I covered my cherry trees with Agrabon this year. I am tired of the birds beating me to all the cherries. I was able to pick a bowl yesterday, with more to come this week. The apple, chokecherries, and peach trees are down below the cherry trees, blocked in part by a beautiful willow tree. I planted a few more raspberries that my friend, Ann, gave me, and am hoping to harvest both raspberries and blackberries for the first time this year. We will see.  

Our strawberries are producing quite well this year, for the first time. If you look closely you can see one in the middle of this picture. Unlike store bought strawberries they do not need any sugar to make them sweet. Honestly, most of them get eaten as they are picked, and rarely make it to the refrigerator. What a treat!

In the bucket you can see one of the four blueberries I planted. They are not producing yet, and while I may not get any this year, I am just hoping they survive the winter so that we can get a harvest next year.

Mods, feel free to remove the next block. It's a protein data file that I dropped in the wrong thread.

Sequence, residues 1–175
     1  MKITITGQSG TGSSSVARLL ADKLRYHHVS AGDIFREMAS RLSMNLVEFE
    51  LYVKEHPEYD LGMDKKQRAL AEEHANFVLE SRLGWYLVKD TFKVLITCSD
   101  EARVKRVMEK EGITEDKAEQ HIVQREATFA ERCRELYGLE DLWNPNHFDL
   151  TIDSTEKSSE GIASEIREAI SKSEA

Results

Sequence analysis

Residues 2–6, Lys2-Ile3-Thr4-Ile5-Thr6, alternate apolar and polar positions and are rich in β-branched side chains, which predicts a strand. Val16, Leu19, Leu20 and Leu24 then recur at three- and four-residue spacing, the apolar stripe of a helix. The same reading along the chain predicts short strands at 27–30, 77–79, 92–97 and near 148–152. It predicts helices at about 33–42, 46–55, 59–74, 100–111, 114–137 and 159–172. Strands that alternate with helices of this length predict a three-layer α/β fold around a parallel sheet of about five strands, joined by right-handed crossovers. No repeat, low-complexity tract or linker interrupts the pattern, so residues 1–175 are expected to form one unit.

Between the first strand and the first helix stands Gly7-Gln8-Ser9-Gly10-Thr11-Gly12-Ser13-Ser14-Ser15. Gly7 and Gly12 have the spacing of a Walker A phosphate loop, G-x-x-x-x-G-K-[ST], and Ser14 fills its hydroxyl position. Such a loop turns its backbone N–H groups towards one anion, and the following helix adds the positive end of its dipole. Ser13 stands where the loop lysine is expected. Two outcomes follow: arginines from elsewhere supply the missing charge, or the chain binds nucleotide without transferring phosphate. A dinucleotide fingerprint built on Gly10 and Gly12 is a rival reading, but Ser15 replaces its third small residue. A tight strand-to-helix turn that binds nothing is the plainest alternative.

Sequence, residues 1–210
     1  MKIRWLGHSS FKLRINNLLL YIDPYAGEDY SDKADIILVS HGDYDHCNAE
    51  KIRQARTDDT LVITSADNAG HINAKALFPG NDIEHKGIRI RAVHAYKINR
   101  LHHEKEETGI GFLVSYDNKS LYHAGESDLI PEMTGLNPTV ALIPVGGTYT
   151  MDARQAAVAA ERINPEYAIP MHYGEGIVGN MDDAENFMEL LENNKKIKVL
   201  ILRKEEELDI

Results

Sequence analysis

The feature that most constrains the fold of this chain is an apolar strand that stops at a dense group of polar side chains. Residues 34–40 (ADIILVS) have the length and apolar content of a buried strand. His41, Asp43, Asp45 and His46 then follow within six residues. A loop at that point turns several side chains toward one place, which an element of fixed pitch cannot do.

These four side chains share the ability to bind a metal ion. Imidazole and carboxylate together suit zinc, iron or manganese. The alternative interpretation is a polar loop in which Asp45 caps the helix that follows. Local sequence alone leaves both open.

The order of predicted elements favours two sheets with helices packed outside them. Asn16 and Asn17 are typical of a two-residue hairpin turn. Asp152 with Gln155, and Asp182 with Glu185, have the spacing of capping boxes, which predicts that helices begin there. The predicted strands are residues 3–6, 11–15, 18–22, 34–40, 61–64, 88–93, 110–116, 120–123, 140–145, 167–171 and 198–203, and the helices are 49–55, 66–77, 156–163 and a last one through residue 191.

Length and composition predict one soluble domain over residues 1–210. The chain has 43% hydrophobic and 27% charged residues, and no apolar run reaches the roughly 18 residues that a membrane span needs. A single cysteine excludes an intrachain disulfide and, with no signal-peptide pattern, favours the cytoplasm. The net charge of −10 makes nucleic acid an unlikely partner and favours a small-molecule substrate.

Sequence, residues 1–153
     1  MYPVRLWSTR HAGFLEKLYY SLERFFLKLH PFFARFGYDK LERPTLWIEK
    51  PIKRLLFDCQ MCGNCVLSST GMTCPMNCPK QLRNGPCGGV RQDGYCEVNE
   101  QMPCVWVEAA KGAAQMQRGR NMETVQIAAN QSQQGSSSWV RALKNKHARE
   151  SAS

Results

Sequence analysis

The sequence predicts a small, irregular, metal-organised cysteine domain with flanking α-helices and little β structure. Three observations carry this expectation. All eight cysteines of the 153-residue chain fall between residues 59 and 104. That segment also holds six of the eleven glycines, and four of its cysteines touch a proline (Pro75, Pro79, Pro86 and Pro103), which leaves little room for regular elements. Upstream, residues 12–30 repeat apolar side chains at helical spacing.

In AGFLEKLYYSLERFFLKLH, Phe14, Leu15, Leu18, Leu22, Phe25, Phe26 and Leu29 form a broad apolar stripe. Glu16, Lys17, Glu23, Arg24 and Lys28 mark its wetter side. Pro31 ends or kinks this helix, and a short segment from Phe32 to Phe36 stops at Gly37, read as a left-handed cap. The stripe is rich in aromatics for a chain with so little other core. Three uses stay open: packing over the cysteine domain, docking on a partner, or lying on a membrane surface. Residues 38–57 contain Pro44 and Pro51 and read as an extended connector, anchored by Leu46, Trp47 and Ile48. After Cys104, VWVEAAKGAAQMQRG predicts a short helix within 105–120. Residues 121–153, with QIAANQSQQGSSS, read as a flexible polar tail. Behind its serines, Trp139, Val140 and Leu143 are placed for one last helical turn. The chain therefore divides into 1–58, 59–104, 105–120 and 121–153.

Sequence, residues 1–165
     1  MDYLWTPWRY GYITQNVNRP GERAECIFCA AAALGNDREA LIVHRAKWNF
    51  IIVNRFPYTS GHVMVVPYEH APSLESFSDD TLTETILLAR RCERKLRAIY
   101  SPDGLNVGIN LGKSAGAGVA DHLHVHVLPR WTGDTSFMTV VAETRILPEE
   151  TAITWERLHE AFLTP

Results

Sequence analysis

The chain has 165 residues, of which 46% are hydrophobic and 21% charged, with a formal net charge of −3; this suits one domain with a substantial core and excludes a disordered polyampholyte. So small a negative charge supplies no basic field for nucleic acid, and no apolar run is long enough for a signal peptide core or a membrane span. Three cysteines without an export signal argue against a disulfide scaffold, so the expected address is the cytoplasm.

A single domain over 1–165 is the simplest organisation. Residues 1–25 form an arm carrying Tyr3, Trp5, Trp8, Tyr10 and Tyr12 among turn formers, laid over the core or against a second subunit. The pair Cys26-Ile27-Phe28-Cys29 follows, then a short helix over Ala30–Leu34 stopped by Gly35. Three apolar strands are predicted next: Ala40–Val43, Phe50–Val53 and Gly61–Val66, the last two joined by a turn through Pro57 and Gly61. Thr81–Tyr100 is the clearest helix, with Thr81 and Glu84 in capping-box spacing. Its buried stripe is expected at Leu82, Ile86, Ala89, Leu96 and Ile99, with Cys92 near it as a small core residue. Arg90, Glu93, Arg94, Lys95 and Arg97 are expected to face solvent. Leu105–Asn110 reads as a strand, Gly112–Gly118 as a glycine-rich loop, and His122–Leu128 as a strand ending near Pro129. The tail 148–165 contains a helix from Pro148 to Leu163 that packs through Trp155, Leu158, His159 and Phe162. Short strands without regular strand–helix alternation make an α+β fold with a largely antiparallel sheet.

At the end of the day it is hard to imagine a better life.
Diverse Colorado
There's still a lot of snow on Wolf Creek, especially for this Houston boy.

Just down the road in Arboles they are cutting hay on the Seibel farm. Lots of us are fighting hay fever, and this year it is especially bad.

4th of July Special

Top Round Steak
$6.99 per pound
regularly $7.99

Short Ribs
$2.99 per pound
regularly $3.99

Sirloin Butt Roast
$6.99 per pound
regularly $8.99

Chuck Roast
$6.99 per pound
regularly $7.99

In Closing . . .   
We've been having some pretty hot weather, as might be expected this time of the year, but nothing extreme. Been getting enough rain to keep all the vegetation going strong. All in all, it's been a great year and the summer doesn't look like it's going to change that pattern. All of this will surely be reflected in the quality of the meat we are producing.

Hope you and your family have a fun time celebrating the 4th. May the fireworks be outstanding and the BBQ the best ever. If you are lucky enough to see a small town parade, then you will surely have a great holiday. Ours is coupled with a rodeo, a craft fair, and a carnival. The best that small town America has to offer. 

May God continue to bless this great nation, and in so doing may He bless you as well.
Lois & Allan